Interactive marketing to exceed 1/4 of all ad spend by 2016 (and how we know)
by Josh Bernoff
You see headlines like the one on this post all the time. This headline reflects of a Forrester prediction from the report "US Interactive Marketing Forecast, 2011 to 2016" by Shar Van Boskirk. Before I get into some tidbits from the prediction, I'd like to address the question that thinking people always ask about these forecasts: where do they come from?
Forrester analysts like Shar immerse themselves in the market. They are in touch with the demand side -- people who buy these marketing services, many of whom are our clients. They are also in touch with the supply-side, people like Google, who give us insights into what people are buying (and sometimes, publish numbers that we can use in our calculations). We also talk to people like agencies that are buying, charging clients for services, and have a broader perspective.
It's a huge amount of work just doing the research, and then that all gets put into a complex model which is checked a dozen different ways. The model reflects not just straight-line or hockey-stick projections of elements of the market, but also changes we see coming, like social media advertising catching on or video getting cheaper to produce.
Our clients (the smart ones) use these projections in several ways. They represent well-researched, reasonable expectations of where the market is going -- written down so people can work with their management for budget and planning. Vendors use them to identify where heat is. Note that you don't have to agree with a forecast like this to use it -- it's useful even if you're more bullish or bearish than we are on a certain sector or the overall market, because it gives you a place to start the discussion.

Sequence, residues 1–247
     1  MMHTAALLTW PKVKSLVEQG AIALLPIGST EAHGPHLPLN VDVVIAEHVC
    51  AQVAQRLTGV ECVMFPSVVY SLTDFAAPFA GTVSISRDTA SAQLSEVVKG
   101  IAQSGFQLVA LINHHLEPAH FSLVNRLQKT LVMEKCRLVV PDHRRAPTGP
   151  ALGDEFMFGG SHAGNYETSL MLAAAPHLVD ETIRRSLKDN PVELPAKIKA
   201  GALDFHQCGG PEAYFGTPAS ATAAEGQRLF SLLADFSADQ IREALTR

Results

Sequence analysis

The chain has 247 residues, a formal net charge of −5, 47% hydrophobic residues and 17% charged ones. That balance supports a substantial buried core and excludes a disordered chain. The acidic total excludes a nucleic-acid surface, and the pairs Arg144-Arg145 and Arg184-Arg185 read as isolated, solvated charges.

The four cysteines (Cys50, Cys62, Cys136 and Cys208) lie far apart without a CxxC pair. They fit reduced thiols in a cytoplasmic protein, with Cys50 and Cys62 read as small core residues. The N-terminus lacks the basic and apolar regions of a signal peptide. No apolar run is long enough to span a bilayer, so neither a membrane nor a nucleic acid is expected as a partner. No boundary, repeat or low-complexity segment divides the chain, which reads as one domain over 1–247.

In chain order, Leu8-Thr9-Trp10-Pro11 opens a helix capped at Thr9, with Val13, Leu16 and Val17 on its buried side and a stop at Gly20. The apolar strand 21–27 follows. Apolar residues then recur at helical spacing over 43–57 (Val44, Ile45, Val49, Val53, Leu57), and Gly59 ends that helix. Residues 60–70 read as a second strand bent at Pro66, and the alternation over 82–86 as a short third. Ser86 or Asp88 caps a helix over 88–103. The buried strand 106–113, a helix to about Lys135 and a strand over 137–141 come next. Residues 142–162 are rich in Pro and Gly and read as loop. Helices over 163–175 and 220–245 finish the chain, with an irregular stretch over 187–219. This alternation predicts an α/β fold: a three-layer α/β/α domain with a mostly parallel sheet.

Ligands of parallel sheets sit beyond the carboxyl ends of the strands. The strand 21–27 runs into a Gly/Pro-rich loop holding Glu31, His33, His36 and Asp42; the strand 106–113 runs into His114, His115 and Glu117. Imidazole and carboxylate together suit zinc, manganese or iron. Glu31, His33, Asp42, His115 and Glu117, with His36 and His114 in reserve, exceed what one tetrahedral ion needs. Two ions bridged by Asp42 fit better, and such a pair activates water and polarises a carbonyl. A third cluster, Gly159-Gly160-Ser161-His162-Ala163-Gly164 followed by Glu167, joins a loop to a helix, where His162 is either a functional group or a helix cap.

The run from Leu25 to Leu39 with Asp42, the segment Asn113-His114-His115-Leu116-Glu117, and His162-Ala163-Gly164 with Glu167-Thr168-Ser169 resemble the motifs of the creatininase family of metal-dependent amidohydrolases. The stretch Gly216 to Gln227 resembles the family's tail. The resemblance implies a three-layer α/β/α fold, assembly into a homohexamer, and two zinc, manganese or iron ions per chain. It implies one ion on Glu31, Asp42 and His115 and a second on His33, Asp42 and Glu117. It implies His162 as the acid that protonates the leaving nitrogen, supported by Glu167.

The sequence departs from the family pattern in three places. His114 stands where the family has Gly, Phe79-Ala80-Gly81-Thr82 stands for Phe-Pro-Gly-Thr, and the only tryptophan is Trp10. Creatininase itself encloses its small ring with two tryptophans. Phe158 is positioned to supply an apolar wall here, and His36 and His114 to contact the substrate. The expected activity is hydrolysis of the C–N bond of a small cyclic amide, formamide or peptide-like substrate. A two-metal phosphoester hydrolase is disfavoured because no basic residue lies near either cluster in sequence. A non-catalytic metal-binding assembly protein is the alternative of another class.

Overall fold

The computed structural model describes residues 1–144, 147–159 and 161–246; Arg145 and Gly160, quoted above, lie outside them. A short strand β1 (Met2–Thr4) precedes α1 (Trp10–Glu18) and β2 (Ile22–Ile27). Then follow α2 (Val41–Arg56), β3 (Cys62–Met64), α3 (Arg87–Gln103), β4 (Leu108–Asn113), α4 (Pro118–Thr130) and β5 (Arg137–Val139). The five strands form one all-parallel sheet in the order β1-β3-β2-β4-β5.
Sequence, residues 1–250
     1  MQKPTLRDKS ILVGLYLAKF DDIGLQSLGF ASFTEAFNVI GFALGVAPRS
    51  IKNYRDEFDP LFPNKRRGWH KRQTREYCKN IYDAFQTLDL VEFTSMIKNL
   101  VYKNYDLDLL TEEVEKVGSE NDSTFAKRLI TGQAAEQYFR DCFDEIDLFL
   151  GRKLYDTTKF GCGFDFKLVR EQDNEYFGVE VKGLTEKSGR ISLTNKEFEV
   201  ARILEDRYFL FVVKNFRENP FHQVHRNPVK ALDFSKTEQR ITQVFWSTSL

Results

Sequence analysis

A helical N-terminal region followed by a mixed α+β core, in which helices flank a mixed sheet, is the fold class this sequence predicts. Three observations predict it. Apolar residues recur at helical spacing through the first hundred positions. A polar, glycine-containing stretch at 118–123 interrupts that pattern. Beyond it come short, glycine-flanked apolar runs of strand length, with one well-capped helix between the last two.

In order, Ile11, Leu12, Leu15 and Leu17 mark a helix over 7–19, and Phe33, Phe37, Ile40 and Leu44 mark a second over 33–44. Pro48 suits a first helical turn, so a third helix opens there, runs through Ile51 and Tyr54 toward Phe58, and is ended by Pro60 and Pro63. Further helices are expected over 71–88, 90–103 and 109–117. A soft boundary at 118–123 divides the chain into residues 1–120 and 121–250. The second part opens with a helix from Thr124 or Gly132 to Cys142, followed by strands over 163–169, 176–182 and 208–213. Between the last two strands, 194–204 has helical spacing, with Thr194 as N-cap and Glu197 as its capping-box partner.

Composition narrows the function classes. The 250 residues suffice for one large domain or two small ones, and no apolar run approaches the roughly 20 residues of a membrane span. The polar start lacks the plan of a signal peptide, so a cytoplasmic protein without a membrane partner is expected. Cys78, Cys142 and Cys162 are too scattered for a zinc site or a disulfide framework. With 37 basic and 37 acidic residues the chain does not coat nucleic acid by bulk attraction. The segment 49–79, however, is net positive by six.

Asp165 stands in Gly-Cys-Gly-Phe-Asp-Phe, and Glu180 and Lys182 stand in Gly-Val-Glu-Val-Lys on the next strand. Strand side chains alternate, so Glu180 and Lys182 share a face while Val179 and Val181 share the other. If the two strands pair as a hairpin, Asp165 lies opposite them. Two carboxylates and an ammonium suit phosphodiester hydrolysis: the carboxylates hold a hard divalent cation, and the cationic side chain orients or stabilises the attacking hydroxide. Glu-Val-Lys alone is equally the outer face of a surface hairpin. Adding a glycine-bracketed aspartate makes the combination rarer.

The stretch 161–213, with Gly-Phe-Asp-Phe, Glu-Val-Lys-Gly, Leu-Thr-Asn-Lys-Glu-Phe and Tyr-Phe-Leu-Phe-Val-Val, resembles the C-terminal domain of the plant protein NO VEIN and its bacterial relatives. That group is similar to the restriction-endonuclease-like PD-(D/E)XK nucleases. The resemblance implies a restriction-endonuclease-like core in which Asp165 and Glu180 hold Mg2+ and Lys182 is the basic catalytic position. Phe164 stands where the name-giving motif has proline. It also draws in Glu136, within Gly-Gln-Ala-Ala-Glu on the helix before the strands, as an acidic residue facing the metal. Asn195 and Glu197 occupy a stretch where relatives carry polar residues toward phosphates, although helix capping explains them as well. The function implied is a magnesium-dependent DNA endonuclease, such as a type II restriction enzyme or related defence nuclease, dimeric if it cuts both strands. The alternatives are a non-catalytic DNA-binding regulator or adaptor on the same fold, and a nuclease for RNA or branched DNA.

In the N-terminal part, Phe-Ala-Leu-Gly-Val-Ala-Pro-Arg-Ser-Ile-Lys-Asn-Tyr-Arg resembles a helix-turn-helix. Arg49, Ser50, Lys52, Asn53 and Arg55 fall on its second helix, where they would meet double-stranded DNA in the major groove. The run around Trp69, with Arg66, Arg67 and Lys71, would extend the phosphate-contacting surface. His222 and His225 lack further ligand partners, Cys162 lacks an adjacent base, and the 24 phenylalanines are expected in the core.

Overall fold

So, what did this forecast predict? The major top-line results are in Shar's post on the report. But here's what I noticed.
- Interactive marketing spend for the year 2011 is heading for $34.5 billion, 19% of all advertising spending. Our projection shows this spending more than doubling to $76.6 billion, 35% 26% of all advertising, by 2016 (and more than marketers now spend on television). This is massive. Digital marketing is unquestionably heading for the center of the marketing mix.
- The highly measurable returns of digital marketing are driving these ever-increasing investments. It not only works, you can prove it works.
- While search is also growing, its share of the total will shrink. The big growth is coming from Display ads ($10.9 billion in 2011, $27.6 billion in 2016), Video ($2.0 billion in 2011, $5.4 billion in 2016) and especially mobile ($1.7 billion in 2011, skyrocketing to $8.2 billion in 2016). The online world is splintering, but the splinters are growing like mad. The digital marketing mix is going to get increasingly diverse.
- Social media spending -- on technology to manage it, agency fees, and integrated campaigns (and this doesn't even include ads on social networks) will already reach $1.6 billion this year. We are projecting it to grow above $2.1 billion next year, and to reach $5.0 billion in 2016. Social programs -- not just social ads -- are now a significant part of the digital economy. When spending passes a billion dollars, you can't call it experimental.
The report also makes some interesting predictions -- that daily deals a la Groupon will die in a flurry of competition in your inbox, for example, and that we'll see ad-supported devices that make their success based on audience targeting. It's a hell of a world we're entering. But given the current economy, interactive and social media marketers just need to be glad they're in a part of it that's got healthy growth.